Cherry on balsawood supercar took over 10 years to build

Photo By Joe Harmon

An industrial designer from Mooresville, North Carolina has spent 10 years and 20,000 working hours constructing the Harmon Splinter - the coolest wooden car in the world.

Joe Harmon’s Splinter supercar is high-performance, mid-engined and built from wood composites.  The body and chassis, along with large percentages of the suspension components, wheels, interior, and other details are all constructed of wood.  Maple, ash, birch, hickory, cherry, walnut, and oak are used.


Patented woven wood veneer fabric can be mass produced

Ki-ori Tennâge, from Zeroone Products, Inc., is a woven textile made from wood veneer, produce on automated looms. 

“Wood is our only naturally renewable building material; it takes an extraordinarily small amount of energy to produce and is totally biodegradable,” says Harmon on his website.  “With a better strength-to-weight ratio than steel and aluminum, it can be made into a lot more things than people tend to give it credit for.  We wanted to push the line on what was considered wood's limitation as a building material while fulfilling a lifelong dream of designing and building a car from scratch.”

Harmon wanted to build his own car since was a kid, and began the project as a graduate industrial design student behind his house.

Harmon with the Splinter in 2008.

He says the inspiration behind the Splinter was a WWII airplane called the de Havilland Mosquito.  Equipped with two Rolls-Royce V12 engines, it was the fastest piston-driven plane of its era, and was made almost entirely out of wood. 

The Build

The body of the car is made from woven strips of cherry veneer with a balsa core.  Harmon and his team carved a buck by hand from solid redwood blocks and made a set of female molds from it.  These molds were used in conjunction with a vacuum-assisted resin-transfer process to form the wood veneer body panels.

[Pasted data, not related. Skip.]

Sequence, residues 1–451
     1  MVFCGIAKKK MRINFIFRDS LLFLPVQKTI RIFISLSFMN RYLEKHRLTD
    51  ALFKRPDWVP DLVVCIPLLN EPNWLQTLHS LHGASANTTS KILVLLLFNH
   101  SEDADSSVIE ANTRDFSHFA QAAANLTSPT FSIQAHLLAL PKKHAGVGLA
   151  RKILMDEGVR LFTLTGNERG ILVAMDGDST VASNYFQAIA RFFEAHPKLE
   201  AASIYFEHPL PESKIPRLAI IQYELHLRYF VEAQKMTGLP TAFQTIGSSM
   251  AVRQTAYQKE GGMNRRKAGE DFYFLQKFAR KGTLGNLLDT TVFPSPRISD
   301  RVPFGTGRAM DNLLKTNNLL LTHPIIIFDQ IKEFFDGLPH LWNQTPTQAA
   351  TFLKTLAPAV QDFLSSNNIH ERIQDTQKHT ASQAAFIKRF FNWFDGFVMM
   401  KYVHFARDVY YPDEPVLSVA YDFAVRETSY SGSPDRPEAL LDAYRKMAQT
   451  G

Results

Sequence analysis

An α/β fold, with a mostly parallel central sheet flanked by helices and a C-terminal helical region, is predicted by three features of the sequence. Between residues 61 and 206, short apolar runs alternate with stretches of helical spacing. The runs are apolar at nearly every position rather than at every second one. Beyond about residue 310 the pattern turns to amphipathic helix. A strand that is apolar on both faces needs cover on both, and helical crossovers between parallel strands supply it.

To achieve the compound curvature required by the body design, the team wove strips of veneer into a cloth.  Two looms were designed and built by the team to generate this cloth material. Harmon said this greatly increased the wood's utility in composite construction.  

The chassis (structural framework) is made from a series of bent and molded laminates which were secondarily riveted and bonded together.  A custom mold was built for every component of the chassis, and these components were formed, fit, trimmed, and bonded together to comprise the overall structure.

The wheel centers are made from rotary-cut oak veneer, covered by a walnut sunburst on the outside face and a cherry sunburst on the inside face.  Each wheel consists of over 275 individual pieces.

The Splinter's engine is a 7.0L small-block V8 and features an 8-throttle-body intake manifold, a custom camshaft, and a custom-built crossflow exhaust system.

Headlights are composed of a molded plywood bucket which houses a pair of light assemblies per side. One light in each bucket is a Xenon HID, while the other light utilizes an amber halogen bulb for running light and turn signal duties.

The taillights are made from walnut dowel rods which house LED strips. The LEDs on the ends switch from red to amber when the turn signals are activated.

The team made custom housing and faces for a set of reverse sweep gauges with simplicity as the goal.

“We wanted to keep the interior as simple as possible, so we only used a tach and speedo for the gauge cluster. Other readings like water temp and oil pressure can be checked on a smart phone or OBD scanner.”

Finished Product

"It has a title, but no license plate or inspection sticker. It’s super low to the ground, and it’s very comfortable. You can feel that it has tremendous torque and power," Harmon says.

Despite achieving a level of quality that few craftsman have, Harmon says he never wants to do something like this again. 

"It will always be a one-off. If it were to get damaged or wrecked, that’ll be that."

Have something to say? Share your thoughts with us in the comments below.

Profile picture for user rdalheim
About the author
Robert Dalheim

Robert Dalheim is an editor at the Woodworking Network. Along with publishing online news articles, he writes feature stories for the FDMC print publication. He can be reached at [email protected].